DW: But there are a lot of different components that are that are causing so much activity in the ticks, and therefore resulting in more reported cases of illness. And some of those factors are, first of all, we all know that climates are warming. Yeah, and warm, moist climates are perfect for the life cycle of the tick, and the deer tick in Massachusetts and other parts. There's a Western black legged tick, and the deer tick, which is actually the black legged tick or ixodes scapularis. Lives about two years. So they have no problem in colder climates.
You know, it's not like a mosquito, where the first frost really kills them off until the next season. These ticks survive just fine through the winter. And even in some significantly cold areas like the north central part of the US, Montana, Wisconsin, Minnesota, where they have prolonged periods of time well below freezing or even below zero, ticks, it actually produces substance called glycerol, which is like an anti-freeze for their selves.
They can kind of go into this state called diapause, which is kind of suspended animation, okay. And then they can they revive very quickly, within a day or two of, of warming temperatures, even the middle of a harsh winter, they kind of emerge and they just, you know, they're hungry and they want to go find something. Something to eat, I was actually picking them up at a rate of about 40 to 50 per hour in the middle of February up here in Boston two years ago. Because they were just so kind of released into the scene as a result of some really bizarre unseasonably warm spikes in temperatures.
MM: I remember that. Yeah.
We had, you know, it was cold for January and the first part of February and then the temperatures went into like near 73 degree days. And by that third day, they were all over the place. But back to the components, right, we have things like warming temperatures, we have other factors. It's kind of complicated, but it's really fascinating.
MM: We've got time. I mean, it's all about the ticks, you know, so yeah, bring 'em on. We've got a good audience.
DW: Yeah, up here what we have is we have a lot of oak groves and, and sometimes it's referred to as a mast year you may have heard that expression, which means kind of the natural or the wild nut crops, acorns and beech nuts and hickory nuts are surprisingly plentiful. And sometimes you have a year where you don't see a lot of acorns. Sometimes you have a year where they're just you know, just unbelievable the amounts that you'll see. I mean, we've got some oaks in front of my house and you know the road with from the cars crushing them is just covered with a mushy a corny substance. So, but what likes acorns, okay, we have squirrels, we have chipmunks, we have other small rodents, in particular, the white footed mouse. Now I'm saying in particular, because these are the biggest violators when it comes to providing this, this, these pathogens and these microbes that cause infection, and they provide that to a tick. Okay, so a mouse is considered a competent host, meaning that they are viable in transmitting these pathogens. And these pathogens can occur naturally in these rodents. But, um, but they're not sort of it, some of these rodents don't have it, have these pathogens and some do. Now, for example, you have a deer tick.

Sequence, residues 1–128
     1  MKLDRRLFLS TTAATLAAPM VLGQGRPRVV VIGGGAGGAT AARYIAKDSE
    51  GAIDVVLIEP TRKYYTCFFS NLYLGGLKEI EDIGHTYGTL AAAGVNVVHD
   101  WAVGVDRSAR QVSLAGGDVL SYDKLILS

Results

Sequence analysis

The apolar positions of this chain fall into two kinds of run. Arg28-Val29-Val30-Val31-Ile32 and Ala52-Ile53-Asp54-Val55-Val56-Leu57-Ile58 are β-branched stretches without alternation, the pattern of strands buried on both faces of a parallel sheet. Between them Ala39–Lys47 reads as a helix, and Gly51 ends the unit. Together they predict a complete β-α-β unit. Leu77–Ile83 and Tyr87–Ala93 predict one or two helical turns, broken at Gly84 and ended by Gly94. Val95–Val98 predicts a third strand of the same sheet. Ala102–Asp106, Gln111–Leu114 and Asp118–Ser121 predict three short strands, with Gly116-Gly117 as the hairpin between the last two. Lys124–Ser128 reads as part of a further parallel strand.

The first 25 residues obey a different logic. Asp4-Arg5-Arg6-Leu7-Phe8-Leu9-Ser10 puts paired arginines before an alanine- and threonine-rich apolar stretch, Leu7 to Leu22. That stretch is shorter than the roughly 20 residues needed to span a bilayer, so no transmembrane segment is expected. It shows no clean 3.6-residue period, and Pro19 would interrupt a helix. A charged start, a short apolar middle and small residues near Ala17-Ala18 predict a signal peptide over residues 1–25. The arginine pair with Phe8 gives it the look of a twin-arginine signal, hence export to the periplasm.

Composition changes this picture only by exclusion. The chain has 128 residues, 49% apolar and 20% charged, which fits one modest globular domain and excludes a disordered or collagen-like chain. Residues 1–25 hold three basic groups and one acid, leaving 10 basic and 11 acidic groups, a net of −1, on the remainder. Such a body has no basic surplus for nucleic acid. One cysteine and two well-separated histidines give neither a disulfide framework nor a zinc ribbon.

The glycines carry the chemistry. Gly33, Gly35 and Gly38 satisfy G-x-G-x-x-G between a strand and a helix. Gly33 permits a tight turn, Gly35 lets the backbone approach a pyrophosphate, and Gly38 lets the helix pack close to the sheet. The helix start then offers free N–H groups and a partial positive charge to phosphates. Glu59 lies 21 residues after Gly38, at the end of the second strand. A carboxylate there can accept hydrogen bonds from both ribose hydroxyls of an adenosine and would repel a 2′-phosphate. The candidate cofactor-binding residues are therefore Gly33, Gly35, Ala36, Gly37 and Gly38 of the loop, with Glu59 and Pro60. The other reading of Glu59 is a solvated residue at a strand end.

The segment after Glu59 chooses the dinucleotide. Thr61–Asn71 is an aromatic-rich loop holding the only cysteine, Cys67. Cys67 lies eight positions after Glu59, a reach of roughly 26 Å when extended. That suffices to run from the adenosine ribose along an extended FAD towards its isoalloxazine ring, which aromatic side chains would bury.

MM: Is that actual size?!
DW: Yeah, it's actual size. I had to use pliers to pull this out. No, this is for demonstration purposes only. Actually, if ticks were this size, we would have a lot less Lyme disease because you would certainly be able to detect them before they were able to bite you.
Research has shown that most ticks when they are born from the egg are clean, meaning they can bite you no problem whatsoever. Yeah, there is now something showing up, which is disturbing. It's a variety of the borrelia, which causes Lyme. borrelia burgdorferi is the particular bacteria that causes Lyme. There's another one called borrelia miyamotoi, which causes illness. I don't know about the long term effects, but it's not a pleasant illness to get at all.
And what happens is, this is the only pathogen or the only infectious agent that has been detected in larval ticks, larval deer ticks, coming from the mother. Yeah, so that's very disturbing, because larval ticks are extremely small. And, but overall, in general, you can be relatively sure that most larval ticks are clean. Okay, what happens, the larval ticks hatch from the eggs, and they're ready to feed. So they wait on blades of grass or on leaves on the forest floor, or other areas near where their egg mass has hatched. So there's, there can be hundreds and even thousands of these little larval ticks and they don't go too far because they're so small.
The Lone Star tick, which has not been known to commonly carry Lyme disease, but can give you an allergy to red meat on stars are known for their swarming properties. So as larval and nymphs, they can you can get hundreds of bites at the same time, and people have been mistaking them for chiggers. Yeah. And I've never seen a chigger, we don't have them up here. And that's how it is. This idea is being dispelled because we don't typically have chiggers. I some people say, Oh, that must they must be chiggers, because there's 100 red welts on my ankle. But in fact, their Lone Star tick. So, of course, again, the younger the tick, the less likely that you'll have any problems with them. But still, it's not you're not out of the woods completely.